Machine learning aids diagnosis of athletes' heart conditions

Heart monitor

Computer algorithms can interpret echocardiographic images and distinguish between two similar heart conditions affecting young athletes, according to research published in the Journal of the American College of Cardiology.

Researchers from the Icahn School of Medicine at Mount Sinai tested three different machine-learning algorithms for their effectiveness in the discrimination of physiological versus pathological hypertrophic cardiomyopathy.

Pathological hypertrophic cardiomyopathy (HCM), in which a portion of the myocardium enlarges, leading to impaired heart function, is the leading cause of sudden death in young athletes. Distinguishing between it and physiological hypertrophy (heart enlargement often due to exercise) generally requires testing for the two conditions with interpretation by a highly trained cardiologist, according to an announcement.

RELATED: Data mining tool helps researchers sift through radiology report images, text

"This demonstrates how machine-learning models and other smart interpretation systems could help to efficiently analyze and process large volumes of cardiac ultrasound data, and with the growth of telemedicine, it could enable cardiac diagnoses even in the most resource-burdened areas," said study author Joel Dudley, Ph.D.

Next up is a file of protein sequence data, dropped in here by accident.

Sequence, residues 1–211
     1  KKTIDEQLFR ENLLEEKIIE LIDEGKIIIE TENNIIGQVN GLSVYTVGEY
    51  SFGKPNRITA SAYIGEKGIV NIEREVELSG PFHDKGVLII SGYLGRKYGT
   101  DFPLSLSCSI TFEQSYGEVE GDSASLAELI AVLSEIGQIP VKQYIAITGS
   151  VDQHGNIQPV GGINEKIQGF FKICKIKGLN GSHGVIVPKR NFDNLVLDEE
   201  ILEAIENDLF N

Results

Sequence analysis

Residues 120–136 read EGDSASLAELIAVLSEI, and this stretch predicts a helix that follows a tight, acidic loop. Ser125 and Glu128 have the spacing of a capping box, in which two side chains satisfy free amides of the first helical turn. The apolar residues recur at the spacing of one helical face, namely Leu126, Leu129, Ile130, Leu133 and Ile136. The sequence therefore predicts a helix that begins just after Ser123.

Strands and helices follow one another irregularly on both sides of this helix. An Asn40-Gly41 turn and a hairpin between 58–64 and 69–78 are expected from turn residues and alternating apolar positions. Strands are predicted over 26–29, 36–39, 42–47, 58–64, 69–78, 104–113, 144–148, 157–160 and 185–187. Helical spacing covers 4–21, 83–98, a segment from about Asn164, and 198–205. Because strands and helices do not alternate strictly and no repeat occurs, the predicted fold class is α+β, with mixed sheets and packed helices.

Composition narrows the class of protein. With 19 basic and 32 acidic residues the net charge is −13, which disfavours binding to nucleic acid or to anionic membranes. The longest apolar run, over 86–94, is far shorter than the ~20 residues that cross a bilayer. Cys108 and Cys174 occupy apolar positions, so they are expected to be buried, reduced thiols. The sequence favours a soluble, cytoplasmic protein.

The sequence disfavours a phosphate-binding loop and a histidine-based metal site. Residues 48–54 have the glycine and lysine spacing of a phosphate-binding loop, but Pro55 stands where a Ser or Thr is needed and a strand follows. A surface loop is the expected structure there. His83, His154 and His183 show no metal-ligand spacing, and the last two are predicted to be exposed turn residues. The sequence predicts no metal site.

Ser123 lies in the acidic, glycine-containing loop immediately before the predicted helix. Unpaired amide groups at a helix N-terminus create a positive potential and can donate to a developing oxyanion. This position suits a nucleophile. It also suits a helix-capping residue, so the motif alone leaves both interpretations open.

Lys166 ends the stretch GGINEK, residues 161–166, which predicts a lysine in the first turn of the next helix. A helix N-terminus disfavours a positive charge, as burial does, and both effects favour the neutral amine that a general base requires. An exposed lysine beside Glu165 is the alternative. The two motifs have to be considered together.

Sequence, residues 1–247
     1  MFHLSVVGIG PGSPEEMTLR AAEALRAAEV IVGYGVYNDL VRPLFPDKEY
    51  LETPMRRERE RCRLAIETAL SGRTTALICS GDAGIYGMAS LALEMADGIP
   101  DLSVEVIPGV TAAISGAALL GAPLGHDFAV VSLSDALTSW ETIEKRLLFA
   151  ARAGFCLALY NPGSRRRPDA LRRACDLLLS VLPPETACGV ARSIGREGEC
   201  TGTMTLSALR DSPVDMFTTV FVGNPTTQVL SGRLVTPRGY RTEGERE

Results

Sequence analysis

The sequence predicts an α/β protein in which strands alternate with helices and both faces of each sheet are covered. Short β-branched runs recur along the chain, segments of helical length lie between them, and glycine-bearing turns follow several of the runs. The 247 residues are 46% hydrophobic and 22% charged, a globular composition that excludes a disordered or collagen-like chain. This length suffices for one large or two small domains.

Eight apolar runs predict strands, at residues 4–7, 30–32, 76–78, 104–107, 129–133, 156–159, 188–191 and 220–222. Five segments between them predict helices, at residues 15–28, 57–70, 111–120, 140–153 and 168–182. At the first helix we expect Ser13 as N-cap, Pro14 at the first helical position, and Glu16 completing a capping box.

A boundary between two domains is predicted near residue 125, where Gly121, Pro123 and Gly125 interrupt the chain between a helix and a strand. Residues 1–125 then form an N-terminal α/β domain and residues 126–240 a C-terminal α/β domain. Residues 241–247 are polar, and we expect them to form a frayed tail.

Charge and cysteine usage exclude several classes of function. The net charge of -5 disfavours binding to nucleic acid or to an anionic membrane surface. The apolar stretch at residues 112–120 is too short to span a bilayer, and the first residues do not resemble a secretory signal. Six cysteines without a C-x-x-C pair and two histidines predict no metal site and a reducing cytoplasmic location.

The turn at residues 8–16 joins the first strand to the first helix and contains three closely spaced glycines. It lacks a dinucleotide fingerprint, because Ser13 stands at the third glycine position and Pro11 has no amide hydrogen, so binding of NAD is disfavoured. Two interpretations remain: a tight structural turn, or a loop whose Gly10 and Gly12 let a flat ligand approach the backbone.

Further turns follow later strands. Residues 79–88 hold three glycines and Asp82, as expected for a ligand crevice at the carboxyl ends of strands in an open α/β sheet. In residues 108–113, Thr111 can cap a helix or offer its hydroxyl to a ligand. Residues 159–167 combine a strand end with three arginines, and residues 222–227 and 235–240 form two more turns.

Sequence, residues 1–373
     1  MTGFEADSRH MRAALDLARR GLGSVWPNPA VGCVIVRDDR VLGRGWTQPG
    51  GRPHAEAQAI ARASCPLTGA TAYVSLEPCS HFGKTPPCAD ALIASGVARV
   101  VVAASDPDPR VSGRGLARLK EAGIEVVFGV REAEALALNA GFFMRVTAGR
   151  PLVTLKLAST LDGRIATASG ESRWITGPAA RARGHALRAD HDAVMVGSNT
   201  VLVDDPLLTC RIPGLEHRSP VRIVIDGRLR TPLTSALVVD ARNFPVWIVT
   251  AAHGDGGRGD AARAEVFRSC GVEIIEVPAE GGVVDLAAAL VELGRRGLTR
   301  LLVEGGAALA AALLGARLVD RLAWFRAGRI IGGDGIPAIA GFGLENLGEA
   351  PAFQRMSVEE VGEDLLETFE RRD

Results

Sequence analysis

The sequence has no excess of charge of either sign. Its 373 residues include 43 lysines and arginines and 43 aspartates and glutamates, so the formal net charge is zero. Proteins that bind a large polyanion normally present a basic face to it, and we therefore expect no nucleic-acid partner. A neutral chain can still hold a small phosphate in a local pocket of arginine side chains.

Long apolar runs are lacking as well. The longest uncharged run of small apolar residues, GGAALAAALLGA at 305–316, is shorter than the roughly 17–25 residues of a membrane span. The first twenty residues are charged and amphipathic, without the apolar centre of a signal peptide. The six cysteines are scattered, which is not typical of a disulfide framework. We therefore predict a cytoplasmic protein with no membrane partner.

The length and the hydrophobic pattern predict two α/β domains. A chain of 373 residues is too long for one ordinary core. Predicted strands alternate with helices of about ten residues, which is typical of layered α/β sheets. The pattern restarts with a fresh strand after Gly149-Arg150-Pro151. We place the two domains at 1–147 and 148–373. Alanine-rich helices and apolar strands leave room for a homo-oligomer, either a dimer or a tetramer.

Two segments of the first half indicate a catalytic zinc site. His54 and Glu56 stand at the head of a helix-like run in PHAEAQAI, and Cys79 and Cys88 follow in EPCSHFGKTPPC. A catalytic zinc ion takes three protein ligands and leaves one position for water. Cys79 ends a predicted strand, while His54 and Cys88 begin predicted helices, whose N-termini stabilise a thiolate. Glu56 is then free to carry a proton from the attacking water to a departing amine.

With machines’ the ability to consider millions of variables, better algorithms hold the potential to improve diagnostic accuracy, according to a recent article in The New England Journal of Medicine. For instance, it cites computers’ ability to look for anomalies at the pixel level of radiographs.

RELATED: Google's DeepMind Health, radiologists to treat head, neck cancer

However, researchers from Northwestern University and the Rehabilitation Institute of Chicago called machine learning “voodoo” in a study published at at bioRxiv, calling for proper evaluation of the methods used for compiling data for smartphone apps and wearable sensors.

RELATED: Researchers call machine learning 'voodoo,' warn of inaccuracies